God’s Will and Worship

When I was a child our family faithfully worshiped at a local Christian Reformed church. Every Sunday morning the pastor read the Ten Commandments from Exodus 20. By the time he droned on into the second commandment I usually had tuned him out.

The routine of reading the same passage week after week may have been theologically justified, but it didn’t make much psychological sense. It was difficult for me, and it’s difficult for most people, to pay attention to words repeated over and over. And simply reading the commandments is little help in understanding them in depth. So I understand why most Christian Reformed churches have abandoned the routine of reading the Decalogue in worship services. I’m not interested in having this routine reinstated. I am interested, however, in finding better ways of accomplishing what the reading of the Decalogue was intended to do.

So why did we have to hear the law read week after week? The point of reading the Decalogue was to help us understand God’s prescriptive will for our lives. Equipped with the knowledge of God’s will, we can discover new facets of our sinfulness and be reminded again of our need for the Savior. This use of the law is stated in Lord’s Day 2 of the Heidelberg Catechism, which asks us, “How do you come to know your misery?” The answer is “The law of God tells me.”

Another use of the law is that a fresh hearing of God’s will helps us to understand more clearly how God wants us to respond to the grace he has given us in Jesus Christ. Lord’s Days 34-44 of the catechism explain the Ten Commandments individually to help Christians distinguish right and wrong conduct.

So how can we arrange for a weekly engagement with God’s will in our worship? One helpful strategy for avoiding repetition and misunderstanding is to read God’s will from other parts of Scripture. Many passages express God’s will for us in one or several areas of our lives. Deuteronomy is a rich source for instructions about God’s will, as are the prophets and Jesus’ Sermon on the Mount (Matt. 5-7). Paul’s epistles have all kinds of instructions about God’s will for us, for example, Galatians 5, Ephesians 4, Colossians 3, and Romans 12. It’s true these passages are not the comprehensive summary we find in the commandments, but what they lack in comprehensiveness, they supply in giving us more detail about specific aspects of our lives.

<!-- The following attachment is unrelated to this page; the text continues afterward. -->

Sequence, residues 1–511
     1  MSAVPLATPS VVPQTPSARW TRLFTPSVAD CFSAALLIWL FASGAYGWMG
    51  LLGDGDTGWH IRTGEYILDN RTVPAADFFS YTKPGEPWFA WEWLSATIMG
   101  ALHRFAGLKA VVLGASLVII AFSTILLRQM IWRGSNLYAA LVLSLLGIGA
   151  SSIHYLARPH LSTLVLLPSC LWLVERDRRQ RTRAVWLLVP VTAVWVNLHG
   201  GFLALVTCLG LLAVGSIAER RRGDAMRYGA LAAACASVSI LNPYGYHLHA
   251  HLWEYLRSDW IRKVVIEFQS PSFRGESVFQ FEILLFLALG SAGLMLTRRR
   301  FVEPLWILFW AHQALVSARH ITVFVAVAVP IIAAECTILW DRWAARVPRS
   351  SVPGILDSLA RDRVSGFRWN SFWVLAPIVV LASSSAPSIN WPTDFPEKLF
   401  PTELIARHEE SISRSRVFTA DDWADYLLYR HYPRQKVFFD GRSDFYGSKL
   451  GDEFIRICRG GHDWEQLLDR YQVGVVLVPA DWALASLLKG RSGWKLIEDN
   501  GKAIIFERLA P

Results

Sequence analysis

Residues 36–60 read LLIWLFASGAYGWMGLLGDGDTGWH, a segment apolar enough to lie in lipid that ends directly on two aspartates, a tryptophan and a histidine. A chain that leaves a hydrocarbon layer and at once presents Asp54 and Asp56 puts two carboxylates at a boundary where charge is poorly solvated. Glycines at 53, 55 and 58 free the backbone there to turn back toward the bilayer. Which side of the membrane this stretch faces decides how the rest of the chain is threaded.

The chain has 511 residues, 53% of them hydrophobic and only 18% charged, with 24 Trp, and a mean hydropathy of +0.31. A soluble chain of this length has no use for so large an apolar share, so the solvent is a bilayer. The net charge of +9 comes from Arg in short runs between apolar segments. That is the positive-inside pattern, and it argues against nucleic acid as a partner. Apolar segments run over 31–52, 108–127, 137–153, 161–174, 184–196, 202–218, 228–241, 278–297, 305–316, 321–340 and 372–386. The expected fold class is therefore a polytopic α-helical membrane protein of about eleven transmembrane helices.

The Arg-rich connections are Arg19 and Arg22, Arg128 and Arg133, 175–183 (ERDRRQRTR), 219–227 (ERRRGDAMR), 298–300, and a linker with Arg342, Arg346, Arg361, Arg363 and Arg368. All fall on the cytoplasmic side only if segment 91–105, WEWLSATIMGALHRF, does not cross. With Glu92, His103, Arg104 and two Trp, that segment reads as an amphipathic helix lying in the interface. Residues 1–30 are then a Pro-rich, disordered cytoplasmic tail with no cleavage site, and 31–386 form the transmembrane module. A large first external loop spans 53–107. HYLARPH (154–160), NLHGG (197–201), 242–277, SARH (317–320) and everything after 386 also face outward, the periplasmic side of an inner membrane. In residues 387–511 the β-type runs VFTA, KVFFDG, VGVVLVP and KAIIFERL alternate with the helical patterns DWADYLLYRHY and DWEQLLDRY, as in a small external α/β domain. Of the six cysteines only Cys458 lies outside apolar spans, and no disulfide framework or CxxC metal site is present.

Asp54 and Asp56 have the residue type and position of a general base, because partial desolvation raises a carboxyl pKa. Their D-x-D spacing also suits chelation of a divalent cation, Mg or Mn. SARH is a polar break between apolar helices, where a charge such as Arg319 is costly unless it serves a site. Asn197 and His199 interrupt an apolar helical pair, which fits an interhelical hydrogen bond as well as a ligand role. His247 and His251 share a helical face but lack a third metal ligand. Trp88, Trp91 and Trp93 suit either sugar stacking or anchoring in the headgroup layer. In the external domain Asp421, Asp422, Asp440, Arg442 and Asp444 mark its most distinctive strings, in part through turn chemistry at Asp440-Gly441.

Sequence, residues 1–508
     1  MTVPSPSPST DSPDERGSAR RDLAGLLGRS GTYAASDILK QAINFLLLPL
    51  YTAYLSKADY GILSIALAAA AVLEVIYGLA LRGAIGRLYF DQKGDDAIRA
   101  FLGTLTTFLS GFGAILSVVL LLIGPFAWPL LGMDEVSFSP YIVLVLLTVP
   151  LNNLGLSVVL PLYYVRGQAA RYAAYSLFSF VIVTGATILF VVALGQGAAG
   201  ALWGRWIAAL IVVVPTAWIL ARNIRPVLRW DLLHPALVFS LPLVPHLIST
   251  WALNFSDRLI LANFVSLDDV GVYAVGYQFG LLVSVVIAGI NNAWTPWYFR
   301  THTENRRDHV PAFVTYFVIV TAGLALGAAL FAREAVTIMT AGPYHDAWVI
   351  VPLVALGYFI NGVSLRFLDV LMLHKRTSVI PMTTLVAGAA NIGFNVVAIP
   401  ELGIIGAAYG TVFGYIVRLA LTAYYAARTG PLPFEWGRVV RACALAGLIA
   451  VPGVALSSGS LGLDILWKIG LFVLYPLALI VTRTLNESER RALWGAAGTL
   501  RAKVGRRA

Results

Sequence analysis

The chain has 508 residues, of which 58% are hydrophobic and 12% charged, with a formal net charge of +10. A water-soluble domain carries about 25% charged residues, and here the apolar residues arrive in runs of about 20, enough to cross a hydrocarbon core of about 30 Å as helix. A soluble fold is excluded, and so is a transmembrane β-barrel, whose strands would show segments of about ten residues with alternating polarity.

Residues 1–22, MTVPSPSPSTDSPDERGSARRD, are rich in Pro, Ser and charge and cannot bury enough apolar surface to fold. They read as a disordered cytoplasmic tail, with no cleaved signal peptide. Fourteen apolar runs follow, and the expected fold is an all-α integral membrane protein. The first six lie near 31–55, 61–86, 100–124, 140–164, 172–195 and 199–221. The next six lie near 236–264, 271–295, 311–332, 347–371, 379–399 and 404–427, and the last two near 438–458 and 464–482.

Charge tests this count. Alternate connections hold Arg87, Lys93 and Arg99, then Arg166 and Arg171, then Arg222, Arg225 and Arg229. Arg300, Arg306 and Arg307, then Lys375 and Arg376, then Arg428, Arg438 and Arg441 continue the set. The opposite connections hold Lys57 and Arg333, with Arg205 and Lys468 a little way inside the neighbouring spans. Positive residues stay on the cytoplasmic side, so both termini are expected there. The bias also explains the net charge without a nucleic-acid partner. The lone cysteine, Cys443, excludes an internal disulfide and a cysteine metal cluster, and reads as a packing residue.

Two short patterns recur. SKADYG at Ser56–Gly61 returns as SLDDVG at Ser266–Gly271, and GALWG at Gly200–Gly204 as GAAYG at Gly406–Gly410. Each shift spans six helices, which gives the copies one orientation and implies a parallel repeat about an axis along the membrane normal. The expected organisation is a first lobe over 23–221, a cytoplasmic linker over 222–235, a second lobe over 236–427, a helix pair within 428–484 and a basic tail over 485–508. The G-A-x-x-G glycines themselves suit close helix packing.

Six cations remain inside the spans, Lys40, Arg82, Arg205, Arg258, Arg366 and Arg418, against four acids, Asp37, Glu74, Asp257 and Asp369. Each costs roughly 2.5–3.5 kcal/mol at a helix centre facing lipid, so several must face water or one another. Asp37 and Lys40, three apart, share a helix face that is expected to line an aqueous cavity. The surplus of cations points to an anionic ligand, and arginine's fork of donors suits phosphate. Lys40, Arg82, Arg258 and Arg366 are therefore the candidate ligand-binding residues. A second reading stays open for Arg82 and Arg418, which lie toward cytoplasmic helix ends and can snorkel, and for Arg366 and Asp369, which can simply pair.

The Heidelberg Catechism offers another helpful source for learning more about God’s will. A litany comprising a Lord’s Day question and answer about the meaning of one of the commandments can help keep the instruction fresh. Or we could use just the duties of the commandments as they are explained in the catechism one week, and the negative implications the next week. The Westminster Confession, too, while not one of the forms of unity in the CRC, includes a thorough Reformed analysis of each commandment.

Finally, we can look to Christian writers who properly and beautifully explain God’s will for us. These explanations need to be selected with care for use in worship, but with the exercise of theologically informed wisdom many of them prove helpful for seeing God’s will for our lives in a fresh and revealing way.

Being reminded of how God designed us to live and what kind of lives please God should be regular elements in our worship together.

For Discussion
  1. Discuss the use of the Ten Commandments in your church’s worship and how they impact your life.
  2. Cal Van Reken says that the commandments help us to understand God’s will for our lives and give us guidance in responding to God’s grace. He goes on to describe resources beside the commandments that can offer this wisdom, both for personal use and during communal worship. What personal resource do you find to be most helpful? Why?
  3. What suggestion for an alternative worship resource appeals to you? How could your church benefit from using this resource?
  4. What inspires you about this article? What educates your faith?

About the Author

Dr. Calvin P. Van Reken is professor of moral theology at Calvin Theological Seminary, Grand Rapids, Mich.

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